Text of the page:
In addition, each Vita will come pre-installed with Near, a location-based social tool that uses the Playstation Network to allow players to find nearby friends and see what they’re playing. From how it’s been described, it will also allow you to share your information to the system so you could find new friends in the area as well.
Other networked features include LiveArea, which will serve as a sort of news service for Sony and third-party developers to send marketing material, and a tracking system for your friends trophies and accomplishments (Sony deftly avoided using the term “achievements”) from friends playing the same game.
How will Vita achieve all this connectability? Via wi-fi and, for the premium model, 3G connectivity exclusively through AT&T, though there’s no word yet whether consumers will be able to purchase the Vita through an AT&T store.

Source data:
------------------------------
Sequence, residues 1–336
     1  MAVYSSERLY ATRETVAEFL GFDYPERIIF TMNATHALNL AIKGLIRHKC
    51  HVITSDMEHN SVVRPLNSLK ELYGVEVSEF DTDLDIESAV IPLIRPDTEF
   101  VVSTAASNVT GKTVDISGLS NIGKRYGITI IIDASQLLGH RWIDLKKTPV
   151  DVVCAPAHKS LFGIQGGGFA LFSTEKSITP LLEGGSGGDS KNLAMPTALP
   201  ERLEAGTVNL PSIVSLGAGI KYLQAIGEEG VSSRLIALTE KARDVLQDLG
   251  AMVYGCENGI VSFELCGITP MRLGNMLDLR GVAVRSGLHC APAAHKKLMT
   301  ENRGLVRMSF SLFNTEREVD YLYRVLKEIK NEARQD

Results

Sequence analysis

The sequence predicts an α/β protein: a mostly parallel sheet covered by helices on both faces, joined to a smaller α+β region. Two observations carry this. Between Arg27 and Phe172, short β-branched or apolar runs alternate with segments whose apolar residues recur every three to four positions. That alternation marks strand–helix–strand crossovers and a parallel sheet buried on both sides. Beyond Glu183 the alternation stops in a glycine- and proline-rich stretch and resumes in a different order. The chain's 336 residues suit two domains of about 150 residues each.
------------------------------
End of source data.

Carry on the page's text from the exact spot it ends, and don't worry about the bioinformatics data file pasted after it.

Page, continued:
Ahhh, there’s the rub. While no one could argue that, from a consumer’s point of view, choosing AT&T was a good idea, history has shown us that AT&T must drive a very hard bargain to pass up. Either that or other providers like Sprint or Verizon just didn’t want to work with Sony. It just doesn’t seem possible that any consumer electronic manufacturer would want to debut its new box with that albatross of spotty, unreliable coverage around its neck.
Also consider this: In a year or two, 4G will be the gold standard.
Clearly the PS Vita has a lot going for it. But it’s also got a lot of things missing. Some you might hope and expect to see from a device that clearly has a big punch to it. But sadly, many have already been confirmed as not being on the Vita. Others haven’t been denied flat out, but are as good as out.
For example, Sony said that, while not currently in the works, third-party non-gaming applications like Skype, YouTube, Flash, and PDF viewers are not being ruled out.
This is wishful thinking. Many of these third-party apps would be redundant to what Sony itself says it will offer on the Vita, and that’s just not gonna happen on the Vita.